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Lobbyist Scott Marrs spent most of the 2010 legislative  session working to soften the blow of more than $900 million in budget  cuts for his clients, including the city and county.
Lobbyist Scott Marrs spent most of the 2010 legislative session working to soften the blow of more than $900 million in budget cuts for his clients, including the city and county.

Tight budgets make lobbying tough for Marrs

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Scott Marrs considers himself to be a hired gun in the state capital.

Marrs - owner of lobbying firm Governmental Services Group Inc. and guest Tuesday morning at Springfield Business Journal's 12 People You Need to Know breakfast event - spent most of the 2010 legislative session working to soften the blow of more than $900 million in budget cuts for his clients, which include the city of Springfield, City Utilities, Springfield Public Schools and the Greene County Commission.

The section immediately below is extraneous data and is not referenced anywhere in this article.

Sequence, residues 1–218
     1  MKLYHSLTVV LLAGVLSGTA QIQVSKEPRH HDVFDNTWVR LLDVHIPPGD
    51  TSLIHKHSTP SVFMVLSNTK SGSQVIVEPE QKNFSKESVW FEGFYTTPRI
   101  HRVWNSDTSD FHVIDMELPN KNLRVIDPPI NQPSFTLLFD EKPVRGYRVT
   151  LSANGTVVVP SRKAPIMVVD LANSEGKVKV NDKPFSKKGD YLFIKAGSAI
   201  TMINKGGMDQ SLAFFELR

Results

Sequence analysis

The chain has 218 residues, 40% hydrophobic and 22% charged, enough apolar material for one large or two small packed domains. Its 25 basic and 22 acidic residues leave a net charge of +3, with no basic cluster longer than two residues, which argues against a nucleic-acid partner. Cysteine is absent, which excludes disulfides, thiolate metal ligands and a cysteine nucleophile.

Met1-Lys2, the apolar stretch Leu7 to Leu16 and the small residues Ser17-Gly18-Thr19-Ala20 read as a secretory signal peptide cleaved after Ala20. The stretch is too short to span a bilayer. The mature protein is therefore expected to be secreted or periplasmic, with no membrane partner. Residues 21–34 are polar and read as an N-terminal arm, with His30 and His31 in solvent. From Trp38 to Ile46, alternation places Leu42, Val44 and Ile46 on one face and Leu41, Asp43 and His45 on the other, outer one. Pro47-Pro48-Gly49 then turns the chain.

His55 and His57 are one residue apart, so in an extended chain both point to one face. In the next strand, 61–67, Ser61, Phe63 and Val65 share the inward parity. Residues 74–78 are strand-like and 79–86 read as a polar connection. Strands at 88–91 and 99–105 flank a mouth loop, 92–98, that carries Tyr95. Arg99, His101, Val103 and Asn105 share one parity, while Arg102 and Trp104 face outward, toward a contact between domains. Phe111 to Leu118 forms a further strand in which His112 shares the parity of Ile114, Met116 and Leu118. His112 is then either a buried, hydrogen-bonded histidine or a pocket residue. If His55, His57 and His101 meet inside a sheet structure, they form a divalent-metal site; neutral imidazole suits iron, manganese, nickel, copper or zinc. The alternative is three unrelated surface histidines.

In fact, Marrs said his biggest victory in the 2010 Missouri legislative session was that most of his clients "weren't hurt terribly by budget cuts."

And the job, he adds, won't get much easier next year, as a combination of continued rough financial straits and legislator turnover continue to make his job tough.

"The system is made to prevent legislation from passing, not to let it through," he said, noting that of the 2,000 bills introduced in the General Assembly each year, only about 100 will pass.

Marrs is used to working behind the scenes - certainly not as the center of attention, where he was Tuesday morning.

"We like to be in the shadows, doing what we like to be doing," he told the crowd of nearly 50 gathered at The Tower Club. "We usually don't like to be in front of a lot of people."

And what is it Marrs usually "likes to be doing"? As a lobbyist, he said, his job is to help legislators - who usually are elected by focusing on a handful of topics such as education and health care - understand other issues with which they may not be as familiar.

Marrs admitted that some lobbyists have given the profession a less-than-stellar reputation, but he said he follows several rules to maintain integrity in his job. The No. 1 rule: Tell the truth.

That means not adding clients in the gambling, tobacco or alcohol industries - not necessarily because of a moral objection, but because his other clients, including the Branson/Lakes Area Convention and Visitors Bureau and area health care organizations, object.

"My credibility is more important to me than taking on a client for financial compensation," Marrs said.[[In-content Ad]]

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